Saturday, February 20, 2010

Who Can Relax This Way?

New York Times editorial "Who Can Relax This Way?" (February 19th, 2010) flaunts its ignorance and gives no data for its contentious claim. Specifically, the Times claims that the practice of open carry is dangerous. Open carry is the practice of wielding a firearm in an open and unconcealed manner, such as a waist holster.

Open Carry, which last year invited its members to holster up outside President Obama’s speaking sites, said it would not be deterred. Unfortunately, more than two dozen states also have allowed themselves to be bullied by the gun lobby into adopting similarly dangerous law.

Under normal circumstances, the New York Times is sophisticated enough to use data, while providing phenomenally poor analysis to make its point. In this article, it fails to do even amateurish statistical analysis. Corrections notes that there is no evidence of any increase in crime due to open carry, though legal in half of the United States.

Indeed, given that it is not a topic in academia, while being widespread as a potential practice, one might bayesian update that it has little effect (otherwise it would be a topic). This gives further evidence of partisan malpractice at the Times.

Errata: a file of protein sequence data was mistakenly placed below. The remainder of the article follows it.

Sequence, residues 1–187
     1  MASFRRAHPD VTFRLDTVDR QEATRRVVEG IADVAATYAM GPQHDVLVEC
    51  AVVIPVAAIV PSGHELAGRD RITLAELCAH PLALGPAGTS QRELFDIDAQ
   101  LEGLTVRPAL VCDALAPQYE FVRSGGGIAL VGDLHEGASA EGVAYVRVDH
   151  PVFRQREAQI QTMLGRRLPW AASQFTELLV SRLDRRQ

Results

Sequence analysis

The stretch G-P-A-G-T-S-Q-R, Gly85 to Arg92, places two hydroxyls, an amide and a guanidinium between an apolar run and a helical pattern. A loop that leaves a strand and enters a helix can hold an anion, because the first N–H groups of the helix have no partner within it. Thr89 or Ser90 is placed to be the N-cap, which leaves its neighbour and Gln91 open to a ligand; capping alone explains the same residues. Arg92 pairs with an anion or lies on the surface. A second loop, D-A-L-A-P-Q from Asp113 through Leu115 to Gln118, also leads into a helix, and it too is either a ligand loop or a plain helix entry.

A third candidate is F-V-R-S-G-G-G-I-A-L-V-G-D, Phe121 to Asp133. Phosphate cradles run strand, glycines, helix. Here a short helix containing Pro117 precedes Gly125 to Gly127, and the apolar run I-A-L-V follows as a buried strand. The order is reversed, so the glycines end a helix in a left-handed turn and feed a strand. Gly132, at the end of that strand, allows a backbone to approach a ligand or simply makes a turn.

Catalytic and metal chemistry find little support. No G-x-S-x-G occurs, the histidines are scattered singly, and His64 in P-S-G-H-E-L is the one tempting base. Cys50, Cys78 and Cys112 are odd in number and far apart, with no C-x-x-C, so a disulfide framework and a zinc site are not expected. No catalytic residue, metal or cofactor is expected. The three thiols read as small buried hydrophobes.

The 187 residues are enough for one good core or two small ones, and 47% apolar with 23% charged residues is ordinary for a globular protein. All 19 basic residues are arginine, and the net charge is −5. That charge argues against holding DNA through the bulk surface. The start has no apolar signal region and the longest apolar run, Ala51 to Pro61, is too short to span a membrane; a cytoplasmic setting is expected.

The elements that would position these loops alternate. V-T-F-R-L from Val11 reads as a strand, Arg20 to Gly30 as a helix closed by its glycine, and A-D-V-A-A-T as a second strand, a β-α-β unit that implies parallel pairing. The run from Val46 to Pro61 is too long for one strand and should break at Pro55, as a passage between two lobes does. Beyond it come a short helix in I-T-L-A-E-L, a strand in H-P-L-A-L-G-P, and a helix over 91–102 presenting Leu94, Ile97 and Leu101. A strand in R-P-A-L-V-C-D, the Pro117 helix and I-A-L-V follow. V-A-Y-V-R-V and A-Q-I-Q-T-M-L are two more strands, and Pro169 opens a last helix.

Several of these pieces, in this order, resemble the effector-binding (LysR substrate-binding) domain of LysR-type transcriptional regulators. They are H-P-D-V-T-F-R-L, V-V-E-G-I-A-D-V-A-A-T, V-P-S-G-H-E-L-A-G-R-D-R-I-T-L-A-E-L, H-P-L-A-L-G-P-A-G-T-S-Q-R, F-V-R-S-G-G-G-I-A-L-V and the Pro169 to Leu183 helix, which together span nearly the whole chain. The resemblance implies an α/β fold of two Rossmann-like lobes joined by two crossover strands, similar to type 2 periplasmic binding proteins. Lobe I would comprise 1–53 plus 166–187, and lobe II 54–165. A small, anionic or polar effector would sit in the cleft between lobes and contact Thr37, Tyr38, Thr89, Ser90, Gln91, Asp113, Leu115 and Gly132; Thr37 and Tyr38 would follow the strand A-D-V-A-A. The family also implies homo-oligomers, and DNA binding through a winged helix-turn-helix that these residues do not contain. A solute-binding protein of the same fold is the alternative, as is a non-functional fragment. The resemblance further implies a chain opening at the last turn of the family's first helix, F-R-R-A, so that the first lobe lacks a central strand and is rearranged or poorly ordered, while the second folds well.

1. that's from an editorial

  2. Corrections would note that a large proportion of our analysis comes from editorials. We would further note that we labelled the article as an editorial in the fourth word of our post, as is custom.

    Corrections sees your point as orthogonal to our own, and utterly irrelevant. The New York Times is a chronic abuser of data (see archives). It has the faculties to probe data, but clearly lacks the capacity to actually analyze it. To that end, it has a consistent leftward and ill-informed bent.

    Corrections suggests the only newspaper that competently probes data, in our view, is the Wall Street Journal, which is unabashedly conservative in its opinion page, but keeps it out of the news section. The New York Times does no such thing.